Your Rights In Relation To The Freeholder
As a leasehold property owner in England and Wales, you have many legal rights. Our specialist solicitors are here to help you with them.
Phone us on 01202 355697 or email us using the contact form below to discuss your legal rights. They include:
- Right to Buy the Freehold - this is also known as collective enfranchisement. To succeed, it needs at least 50 per cent of the leaseholders to participate. Find out more about it here.
- Right of First Refusal - if the freeholder/landlord wants to sell their interest, they must usually first offer to sell it to the leaseholders.
- Right to Extend Your Lease - if you have owned your flat for at least two years, you have the right to a ‘new lease’ on the same terms but with an extended length and a reduction in ground rent to a peppercorn (i.e. virtually nothing at all).
- Right to Manage (RTM) - if you are unhappy with the management of the building or you and the other leaseholders wish to take control of the management function, you can exercise the right to manage. There is no requirement to prove fault on the part of the existing landlord, managing agent or management company.
- Right to Appoint a Manager - this is very similar to the Right to Manage (RTM) but there are a few legal differences. Firstly, there is a requirement to prove fault with an application to appoint a manager. Secondly, RTM can sometimes be unavailable if the building has commercial areas or there is a resident landlord. If RTM is unavailable you should consider the Right to Appoint a Manager.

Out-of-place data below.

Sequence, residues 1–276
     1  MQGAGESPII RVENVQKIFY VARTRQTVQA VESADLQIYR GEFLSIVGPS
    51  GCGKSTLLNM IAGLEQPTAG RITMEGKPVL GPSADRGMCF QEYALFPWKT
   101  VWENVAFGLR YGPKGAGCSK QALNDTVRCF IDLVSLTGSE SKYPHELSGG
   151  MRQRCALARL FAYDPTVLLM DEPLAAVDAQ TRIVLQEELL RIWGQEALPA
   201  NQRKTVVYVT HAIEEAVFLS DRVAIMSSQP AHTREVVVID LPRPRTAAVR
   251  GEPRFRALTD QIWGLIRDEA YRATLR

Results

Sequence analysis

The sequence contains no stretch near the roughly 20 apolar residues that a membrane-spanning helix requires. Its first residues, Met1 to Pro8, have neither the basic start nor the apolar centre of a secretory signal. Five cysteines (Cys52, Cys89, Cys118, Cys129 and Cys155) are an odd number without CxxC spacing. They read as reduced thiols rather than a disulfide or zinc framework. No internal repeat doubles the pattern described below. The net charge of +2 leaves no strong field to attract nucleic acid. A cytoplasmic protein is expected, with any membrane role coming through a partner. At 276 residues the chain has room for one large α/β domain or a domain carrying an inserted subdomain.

- Challenging Service Charges - as an individual leaseholder, you can challenge any service charges you believe are not in accordance with the terms of your lease, unreasonable in amount or unreasonable with regard to the quality of the work done.
- Restriction on Demands - service charge and administration demands must include certain information and must be accompanied with a summary of rights and obligations in a prescribed form. Ground rent demands must also be in a specific form.
- Consultation on Major Works (in excess of £250 per leaseholder) and Qualifying Long Term Agreements (agreements of 12 months or more between the freeholder and third parties such as cleaners and gardeners or for a sum in excess of £100 per leaseholder). Leaseholders must be consulted in a particular manner in relation to any major works or qualifying long term agreements.
Get Expert Legal Help From Coles Miller
Worried that that your landlord, managing agent or management company is ignoring your rights as a leaseholder?
Get help from our specialist residential leasehold property solicitors. Email them using the form below or contact our Bournemouth office.